A Shared Responsibility

The local council in Johor Bahru took this a step further by forming an alliance with residents’ associations and encouraging residents to be part of Rakan Taman (Friends of Parks), serving as eyes and ears of the local council in reporting issues in neighbourhoods.

Rakan Taman members can also report vandalism and crime at playgrounds as well as surrounding areas. – Datuk Mohd Noorazam Osman, Johor Bahru mayor[1]

Rakan Taman members can also report vandalism and crime at playgrounds as well as surrounding areas. – Datuk Mohd Noorazam Osman, Johor Bahru mayor[1]

In Kajang, the municipal council (MPKJ) implemented the “padang angkat” programme. After fixing and beautifying affected local parks or playgrounds, the municipality will hand over the area to resident associations to take care of.

The selected resident associations (RAs) will be the eyes and ears of the Council; they will watch out for vandals, including preventing their children from vandalising the playground facilities. Without a sense of belonging, the public will take things provided by the Council for granted instead of taking good care of the equipment. – Mohd Sayuthi Bakar, president of MPKj [7]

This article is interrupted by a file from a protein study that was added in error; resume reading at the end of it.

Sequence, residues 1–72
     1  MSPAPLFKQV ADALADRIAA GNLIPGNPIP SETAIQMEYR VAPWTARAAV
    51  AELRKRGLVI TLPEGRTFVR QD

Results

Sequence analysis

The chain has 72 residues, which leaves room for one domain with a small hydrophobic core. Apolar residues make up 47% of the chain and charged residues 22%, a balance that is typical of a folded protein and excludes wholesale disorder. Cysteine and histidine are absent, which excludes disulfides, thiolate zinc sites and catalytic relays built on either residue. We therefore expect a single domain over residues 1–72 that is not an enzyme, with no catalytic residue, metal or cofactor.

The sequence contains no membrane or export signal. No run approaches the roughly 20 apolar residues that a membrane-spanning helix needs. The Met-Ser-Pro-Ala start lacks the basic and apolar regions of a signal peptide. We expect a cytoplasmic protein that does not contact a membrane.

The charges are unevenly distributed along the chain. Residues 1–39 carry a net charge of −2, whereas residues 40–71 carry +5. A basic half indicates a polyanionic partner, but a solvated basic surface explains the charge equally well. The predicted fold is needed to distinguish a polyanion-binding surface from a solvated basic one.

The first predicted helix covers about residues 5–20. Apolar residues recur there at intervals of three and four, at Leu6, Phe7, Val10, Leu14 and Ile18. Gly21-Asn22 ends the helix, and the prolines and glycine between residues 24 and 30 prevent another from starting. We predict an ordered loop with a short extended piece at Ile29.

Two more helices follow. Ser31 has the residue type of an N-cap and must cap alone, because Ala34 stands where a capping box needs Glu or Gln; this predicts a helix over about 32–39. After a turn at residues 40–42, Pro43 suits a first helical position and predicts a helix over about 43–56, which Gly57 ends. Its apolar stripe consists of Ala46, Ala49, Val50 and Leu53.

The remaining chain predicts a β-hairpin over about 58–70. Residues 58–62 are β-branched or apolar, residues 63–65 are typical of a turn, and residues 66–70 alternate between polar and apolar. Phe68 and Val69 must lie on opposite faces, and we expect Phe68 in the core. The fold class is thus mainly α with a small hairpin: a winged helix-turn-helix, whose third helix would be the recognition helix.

To the rest of us who have public playgrounds and parks nearby, let’s aim to be considerate when utilising the parks to ensure it would benefit others too.

Be a good samaritan and contact your local municipal council when there is broken equipment or repair is required. We have included some contact details of some municipal councils in Malaysia:

  • Dewan Bandaraya Kuala Lumpur (DBKL): complaints can be lodged at ADU@KL
  • Petaling Jaya City Council (MBPJ): online complaints system;,  24 hours hotline: 03-79542020
  • Subang Jaya City Council (MBSJ): there are few channels where complaints can be lodged, find out here
  • Johor Bahru City Council (MBJB): WhatsApp 019-778 8212; hotline at 1300 88 0146
  • Iskandar Puteri City Council (MBIS):, WhatsApp 019-755 5404, hotlinet 1300 80 5000 or go to
  • Kuching City Council (DBKU); Talikhidmat: 082-555999, DBKU Hotline: 082-446644, Whatsapp DBKU: 016-8864466

Explore our sources:

  1. N.Benjamin. (2022). Playgrounds in poor state. The Star. Link 
  2. J.L.New. (2018). There Are Playground Inspectors In Malaysia? Here’s What They Look Like. Cili Sos. Link 
  3. M.K. Yuen. (2018). Don’t play around with safety. The Star. Link 
  4. M.Zaccheus. (2018).Singapore’s million-dollar playgrounds create a thriving new industry. Straits Times. Link 
  5. F.Zainal. (2022). People go for more recreational facilities when buying homes now. The Star. Link
  6. B.K.Zakaria.,M.N.Zainul.,F.F.Yaakob.,S.Latib., N.Abdul Rahman., N.I.Mohammad. (2017). Taman permainan usang, bahaya.Berita Harian. Link 
  7. I.Y.Oh. (2017). Public should take ownership of parks. The Star. Link